Between Migration and Belonging: Citizenship Policy in Spain and Ireland in the 21st Century
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After an economic boom in the 1990’s, Ireland has experienced a more concentrated and sudden in-migration than any European country in the past decade. Spain, too, attracted a sudden inflow of immigrants with its economic success beginning in the 1990s and amplified through the early 2000s. As both of these countries have struggled to redefine and revise their immigration policies to accommodate these changes, one very important piece of the immigration puzzle has also come under scrutiny: citizenship. Citizenship policy is a window into how a country defines itself and its willingness to accept foreigners into that defined space. Ireland and Spain are two countries that, for most of their history, never had a significant foreign presence that might challenge their definitions of inclusion in this way. This very recent immigration timeline in each, therefore, makes them two very unique environments in which to study citizenship policy. Given this confluence of circumstances, the following analysis will attempt to illuminate how the citizenship policies of Spain and Ireland affect who becomes a citizen in each country. By linking the language of these policies to observable data of naturalization, it will be possible to see more clearly both the implications of these policies as well as possible outside factors that affect who becomes a citizen and how these shape the identity of these two countries.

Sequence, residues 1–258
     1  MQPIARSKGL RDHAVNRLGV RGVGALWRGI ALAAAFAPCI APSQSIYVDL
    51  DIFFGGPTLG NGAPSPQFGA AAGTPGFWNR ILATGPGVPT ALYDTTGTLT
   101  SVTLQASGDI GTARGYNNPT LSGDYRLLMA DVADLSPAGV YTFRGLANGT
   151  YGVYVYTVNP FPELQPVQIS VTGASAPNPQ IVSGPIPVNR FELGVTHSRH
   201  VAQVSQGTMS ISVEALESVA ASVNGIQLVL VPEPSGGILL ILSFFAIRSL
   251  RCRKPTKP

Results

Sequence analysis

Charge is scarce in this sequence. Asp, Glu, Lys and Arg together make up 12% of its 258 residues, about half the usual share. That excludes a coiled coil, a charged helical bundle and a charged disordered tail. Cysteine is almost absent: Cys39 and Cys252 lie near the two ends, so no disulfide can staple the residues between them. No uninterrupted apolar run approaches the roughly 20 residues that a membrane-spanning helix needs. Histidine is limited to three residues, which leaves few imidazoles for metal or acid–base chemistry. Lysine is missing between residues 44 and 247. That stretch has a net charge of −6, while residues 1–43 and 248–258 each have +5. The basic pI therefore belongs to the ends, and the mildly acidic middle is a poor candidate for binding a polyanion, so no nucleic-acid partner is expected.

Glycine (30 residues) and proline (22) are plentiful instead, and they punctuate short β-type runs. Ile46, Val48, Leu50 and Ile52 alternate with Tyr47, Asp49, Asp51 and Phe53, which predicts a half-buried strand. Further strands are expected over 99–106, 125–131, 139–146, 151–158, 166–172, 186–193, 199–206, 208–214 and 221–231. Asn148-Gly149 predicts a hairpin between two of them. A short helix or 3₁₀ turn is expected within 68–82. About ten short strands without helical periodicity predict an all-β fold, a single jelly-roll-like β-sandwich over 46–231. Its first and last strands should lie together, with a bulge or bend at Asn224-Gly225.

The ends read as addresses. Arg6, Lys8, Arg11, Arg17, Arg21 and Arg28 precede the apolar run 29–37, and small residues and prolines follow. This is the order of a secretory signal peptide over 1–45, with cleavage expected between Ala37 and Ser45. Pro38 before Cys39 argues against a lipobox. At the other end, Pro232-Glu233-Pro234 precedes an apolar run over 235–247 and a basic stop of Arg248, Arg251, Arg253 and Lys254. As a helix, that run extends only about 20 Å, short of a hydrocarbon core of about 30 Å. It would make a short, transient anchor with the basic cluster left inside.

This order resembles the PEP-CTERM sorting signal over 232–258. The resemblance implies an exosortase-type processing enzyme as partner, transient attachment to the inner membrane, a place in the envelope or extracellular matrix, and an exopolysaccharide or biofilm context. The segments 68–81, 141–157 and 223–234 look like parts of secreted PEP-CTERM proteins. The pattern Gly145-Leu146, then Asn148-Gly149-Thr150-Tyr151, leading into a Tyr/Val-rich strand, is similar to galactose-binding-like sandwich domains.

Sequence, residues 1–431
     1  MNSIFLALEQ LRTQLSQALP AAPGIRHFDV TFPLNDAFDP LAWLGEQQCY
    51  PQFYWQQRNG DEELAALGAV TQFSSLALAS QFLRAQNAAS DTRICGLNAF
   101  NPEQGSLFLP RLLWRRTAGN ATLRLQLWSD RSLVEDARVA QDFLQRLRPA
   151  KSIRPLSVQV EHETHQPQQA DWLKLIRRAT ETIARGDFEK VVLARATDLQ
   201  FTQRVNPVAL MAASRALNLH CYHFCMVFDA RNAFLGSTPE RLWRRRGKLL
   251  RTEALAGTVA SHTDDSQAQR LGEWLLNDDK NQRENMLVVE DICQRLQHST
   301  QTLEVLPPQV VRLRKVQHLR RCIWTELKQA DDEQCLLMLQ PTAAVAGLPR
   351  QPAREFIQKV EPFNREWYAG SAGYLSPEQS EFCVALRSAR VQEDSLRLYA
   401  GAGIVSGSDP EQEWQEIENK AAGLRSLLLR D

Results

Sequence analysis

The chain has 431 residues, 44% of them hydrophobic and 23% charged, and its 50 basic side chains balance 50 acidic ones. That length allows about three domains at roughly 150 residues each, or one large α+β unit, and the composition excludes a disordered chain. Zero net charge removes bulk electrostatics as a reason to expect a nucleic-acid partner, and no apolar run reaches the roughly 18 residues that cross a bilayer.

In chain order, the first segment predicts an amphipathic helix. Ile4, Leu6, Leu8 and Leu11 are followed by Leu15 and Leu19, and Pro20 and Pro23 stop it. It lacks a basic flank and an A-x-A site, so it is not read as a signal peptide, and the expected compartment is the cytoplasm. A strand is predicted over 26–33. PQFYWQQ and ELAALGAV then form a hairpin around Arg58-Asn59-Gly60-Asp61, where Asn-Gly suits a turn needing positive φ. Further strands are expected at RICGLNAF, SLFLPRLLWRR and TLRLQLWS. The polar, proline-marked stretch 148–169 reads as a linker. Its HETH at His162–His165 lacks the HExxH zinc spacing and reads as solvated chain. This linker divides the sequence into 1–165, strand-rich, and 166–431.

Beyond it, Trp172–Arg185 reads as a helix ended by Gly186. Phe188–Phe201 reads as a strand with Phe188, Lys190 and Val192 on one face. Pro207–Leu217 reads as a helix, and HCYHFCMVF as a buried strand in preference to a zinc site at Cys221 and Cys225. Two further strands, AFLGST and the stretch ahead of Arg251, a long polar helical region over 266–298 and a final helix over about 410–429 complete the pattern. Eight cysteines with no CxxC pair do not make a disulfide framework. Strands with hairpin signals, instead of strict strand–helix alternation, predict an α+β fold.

DepartmentPublic Policy Studies
CitationCovington, Kimberly (2010). Between Migration and Belonging: Citizenship Policy in Spain and Ireland in the 21st Century. Honors thesis, Duke University. Retrieved from https://hdl.handle.net/10161/3177.
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Rights for Collection: Undergraduate Honors Theses and Student papers